Toilets account for about 30 percent of all indoor use and can use up to seven gallons of water per flush. Water-sense toilets save several gallons of water per flush, but a brick or rock to displace water in an old tank is a simple fix.
Ward also talked about using a shower bucket. You fill the bucket while waiting for the shower to get hot.
“It honestly doesn’t take that much time and effort to do those things,” Ward said.
In regard to the city’s new fertilizer ordinance, City Engineer Scott Sturtz said the ordinance resulted in part from information and ideas obtained during the Stormwater Master Plan.
“The water-quality problems have been identified for years,” Sturtz said.
Studies have looked at what’s going on with Lake Thunderbird, which is listed as an impaired body of water. The fertilizer ordinance is only one part of the entire plan of attack to improve the quality of the lake’s water.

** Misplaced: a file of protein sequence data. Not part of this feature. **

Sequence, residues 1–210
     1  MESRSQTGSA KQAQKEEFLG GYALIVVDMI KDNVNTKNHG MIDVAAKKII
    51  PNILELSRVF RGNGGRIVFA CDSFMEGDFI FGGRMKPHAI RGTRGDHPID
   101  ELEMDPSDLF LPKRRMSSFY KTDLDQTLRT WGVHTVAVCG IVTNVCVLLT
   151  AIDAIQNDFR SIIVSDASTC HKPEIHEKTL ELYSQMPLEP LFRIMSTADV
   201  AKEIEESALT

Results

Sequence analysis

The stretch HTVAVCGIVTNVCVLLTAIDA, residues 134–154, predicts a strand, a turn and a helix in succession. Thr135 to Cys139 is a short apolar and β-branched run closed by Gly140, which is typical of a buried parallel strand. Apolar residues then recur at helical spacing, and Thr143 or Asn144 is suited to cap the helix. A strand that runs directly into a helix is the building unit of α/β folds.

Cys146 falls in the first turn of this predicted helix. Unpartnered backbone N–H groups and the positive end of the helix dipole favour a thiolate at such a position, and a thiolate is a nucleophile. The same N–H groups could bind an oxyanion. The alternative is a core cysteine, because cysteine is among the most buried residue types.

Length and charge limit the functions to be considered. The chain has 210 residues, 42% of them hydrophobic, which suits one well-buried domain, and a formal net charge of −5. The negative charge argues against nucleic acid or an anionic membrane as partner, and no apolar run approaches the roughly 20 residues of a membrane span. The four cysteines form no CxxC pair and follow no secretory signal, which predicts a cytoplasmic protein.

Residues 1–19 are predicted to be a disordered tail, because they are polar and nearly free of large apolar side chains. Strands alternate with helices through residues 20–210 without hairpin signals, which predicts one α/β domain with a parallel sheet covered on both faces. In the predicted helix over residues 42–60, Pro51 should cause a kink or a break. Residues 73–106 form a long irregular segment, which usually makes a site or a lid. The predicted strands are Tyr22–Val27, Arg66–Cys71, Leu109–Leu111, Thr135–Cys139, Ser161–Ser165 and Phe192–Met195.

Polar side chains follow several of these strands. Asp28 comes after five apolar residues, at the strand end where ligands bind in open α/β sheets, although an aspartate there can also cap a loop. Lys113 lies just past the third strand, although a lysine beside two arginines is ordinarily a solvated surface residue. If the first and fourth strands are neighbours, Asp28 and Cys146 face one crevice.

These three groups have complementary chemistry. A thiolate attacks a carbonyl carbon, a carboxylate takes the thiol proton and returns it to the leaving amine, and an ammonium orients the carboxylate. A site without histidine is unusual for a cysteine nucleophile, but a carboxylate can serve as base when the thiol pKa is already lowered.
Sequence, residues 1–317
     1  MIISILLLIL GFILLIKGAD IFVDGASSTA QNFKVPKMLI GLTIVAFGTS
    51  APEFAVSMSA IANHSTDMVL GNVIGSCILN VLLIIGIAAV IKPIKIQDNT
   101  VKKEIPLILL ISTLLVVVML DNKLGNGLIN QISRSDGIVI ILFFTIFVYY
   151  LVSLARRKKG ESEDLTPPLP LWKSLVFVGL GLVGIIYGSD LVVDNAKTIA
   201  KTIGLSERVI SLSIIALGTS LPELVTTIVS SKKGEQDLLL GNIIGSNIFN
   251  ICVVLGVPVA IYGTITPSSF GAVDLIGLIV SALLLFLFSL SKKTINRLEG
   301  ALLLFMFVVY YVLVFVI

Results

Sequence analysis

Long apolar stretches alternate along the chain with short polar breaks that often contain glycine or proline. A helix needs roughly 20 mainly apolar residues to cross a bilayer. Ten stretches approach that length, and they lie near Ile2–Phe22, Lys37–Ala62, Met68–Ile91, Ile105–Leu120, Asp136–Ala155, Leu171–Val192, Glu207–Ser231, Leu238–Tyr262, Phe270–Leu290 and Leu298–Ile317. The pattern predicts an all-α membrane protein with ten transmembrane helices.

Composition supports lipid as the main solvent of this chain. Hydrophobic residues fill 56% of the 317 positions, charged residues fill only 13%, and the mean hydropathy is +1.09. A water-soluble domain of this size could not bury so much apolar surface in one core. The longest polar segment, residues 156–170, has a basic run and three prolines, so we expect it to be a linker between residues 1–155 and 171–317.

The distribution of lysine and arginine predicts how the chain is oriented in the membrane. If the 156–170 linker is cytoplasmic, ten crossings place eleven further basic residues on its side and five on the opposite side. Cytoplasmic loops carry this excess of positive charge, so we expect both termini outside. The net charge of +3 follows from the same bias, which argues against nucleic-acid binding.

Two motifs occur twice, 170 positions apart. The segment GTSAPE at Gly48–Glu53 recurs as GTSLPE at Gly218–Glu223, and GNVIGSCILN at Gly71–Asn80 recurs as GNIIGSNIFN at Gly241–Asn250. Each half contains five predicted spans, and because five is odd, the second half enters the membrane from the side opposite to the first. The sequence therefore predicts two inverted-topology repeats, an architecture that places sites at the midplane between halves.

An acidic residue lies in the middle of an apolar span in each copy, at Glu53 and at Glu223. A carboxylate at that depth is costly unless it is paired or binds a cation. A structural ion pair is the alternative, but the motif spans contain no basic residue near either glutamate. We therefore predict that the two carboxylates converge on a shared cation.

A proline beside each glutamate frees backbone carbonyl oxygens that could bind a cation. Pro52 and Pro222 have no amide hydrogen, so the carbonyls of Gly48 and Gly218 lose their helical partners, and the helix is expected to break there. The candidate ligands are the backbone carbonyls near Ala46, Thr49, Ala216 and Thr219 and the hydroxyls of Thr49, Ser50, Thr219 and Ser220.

“The reason we’re worried about the phosphorus is it encourages algae to grow,” Sturtz said. “Norman is not the only contributing municipality to this watershed. We are about half.”
Oklahoma City and Moore also have a strong impact.
Norman’s ordinance is not a phosphorus ban but a fertilizer control ordinance, Sturtz said. “We’re not saying you can’t use fertilizers.”
The city looked at sample ordinances that worked well in other places.
Phosphorus fertilizer use is restricted, and educational information will be distributed to the public.
“Studies found that phosphorus is beneficial in the first few months,” Sturtz said. However, once a yard is established, phosphorus is not beneficial. If soil tests low in phosphorus, it will be allowed. Application also is restricted prior to rain, and it must be properly stored.
Blowing yard debris such as leaves and grass clippings into stormwater drains also is prohibited. In addition to clogging up the system, this creates phosphorus loading in the stormwater running to the lake.